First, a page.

Webinar: Dignity in street-level bureaucracies: beyond reason, balance and pragmatism (followed by Q&A)

Jonathan Patterson (Departmental Lecturer in French), will be chairing a webinar on forms of dignity in the bureaucratic, featuring a lecture by Professor Tony Evans (Social Work, RHUL).

This webinar will be hosted by the Las Casas Institute at Blackfriars. The aim is to foster dialogue between the humanities and social sciences on the ideals and functioning of bureaucracy.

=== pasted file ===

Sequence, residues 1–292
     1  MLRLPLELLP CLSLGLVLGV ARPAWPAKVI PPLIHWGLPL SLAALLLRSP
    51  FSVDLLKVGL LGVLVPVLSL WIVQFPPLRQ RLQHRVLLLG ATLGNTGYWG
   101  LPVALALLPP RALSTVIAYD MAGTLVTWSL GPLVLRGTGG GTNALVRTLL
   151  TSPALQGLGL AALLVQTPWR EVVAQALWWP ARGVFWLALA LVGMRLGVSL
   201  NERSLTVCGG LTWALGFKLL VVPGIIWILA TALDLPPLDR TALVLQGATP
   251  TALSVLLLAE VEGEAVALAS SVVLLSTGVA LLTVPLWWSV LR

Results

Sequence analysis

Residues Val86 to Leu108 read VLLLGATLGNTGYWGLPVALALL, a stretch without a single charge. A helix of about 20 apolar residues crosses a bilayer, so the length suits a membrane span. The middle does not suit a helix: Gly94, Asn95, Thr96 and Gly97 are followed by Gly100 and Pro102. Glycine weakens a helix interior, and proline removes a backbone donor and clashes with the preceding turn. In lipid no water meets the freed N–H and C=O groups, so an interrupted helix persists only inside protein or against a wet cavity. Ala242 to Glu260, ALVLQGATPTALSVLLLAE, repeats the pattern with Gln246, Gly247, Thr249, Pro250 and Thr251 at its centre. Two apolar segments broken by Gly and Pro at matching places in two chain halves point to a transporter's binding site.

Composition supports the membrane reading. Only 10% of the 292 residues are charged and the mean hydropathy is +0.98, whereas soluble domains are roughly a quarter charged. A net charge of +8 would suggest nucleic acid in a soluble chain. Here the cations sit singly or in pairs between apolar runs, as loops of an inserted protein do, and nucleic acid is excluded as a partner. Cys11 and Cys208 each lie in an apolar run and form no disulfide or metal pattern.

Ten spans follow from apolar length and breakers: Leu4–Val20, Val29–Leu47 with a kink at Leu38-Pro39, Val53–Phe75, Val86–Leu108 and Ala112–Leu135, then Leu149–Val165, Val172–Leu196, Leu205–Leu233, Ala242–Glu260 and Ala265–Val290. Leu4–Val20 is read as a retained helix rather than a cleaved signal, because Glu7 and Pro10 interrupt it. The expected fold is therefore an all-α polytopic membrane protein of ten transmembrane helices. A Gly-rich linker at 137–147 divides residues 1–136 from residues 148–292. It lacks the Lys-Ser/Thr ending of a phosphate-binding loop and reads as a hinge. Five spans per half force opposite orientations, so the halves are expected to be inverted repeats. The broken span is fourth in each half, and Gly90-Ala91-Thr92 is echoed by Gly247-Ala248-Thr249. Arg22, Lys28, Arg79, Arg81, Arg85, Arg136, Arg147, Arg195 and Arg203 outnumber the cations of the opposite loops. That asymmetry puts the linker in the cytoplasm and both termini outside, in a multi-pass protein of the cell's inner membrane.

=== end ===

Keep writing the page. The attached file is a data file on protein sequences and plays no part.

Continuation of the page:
Public service bureaucracies and messy organizations. Bureaucrats work within policies that are confused and confusing, and are expected to use their judgement to make services work. This is the picture presented by Street Level Bureaucracy theory, which argues that good street-level bureaucrats are reasonable, balanced and pragmatic. This sweeping analysis of public services, however, doesn’t take account of the different relationship between policy and service in different areas of public provision. In some areas, policies constitute services. Dignity entails acting in line with one’s commitments and in a way that is appropriate to circumstances. They may be the rules by which benefits are allocated. In other areas, policies are a looser framework, within which decisions have to be made, such as policing; and in other areas, particularly professional welfare services, policies are more about enabling provision than specifying what should be done. In all of these areas, different forms of judgement are appropriate. One may emphasize procedural correctness, another the right outcome, and another meeting particular commitments. In each type of service, the idea of one global, right way of thinking and acting is misplaced, and ignores the dignity of particular roles and requirements in different fields. Furthermore, in most public services—particularly welfare services—practitioners have to move through these three forms of policy relationship and judgement, in order to provide a service. My argument is that, to do this, practitioners have to use reason, and balance, and pragmatism, but not as some abstract standard of decision-making; rather, as elements in the grammar of everyday service provision.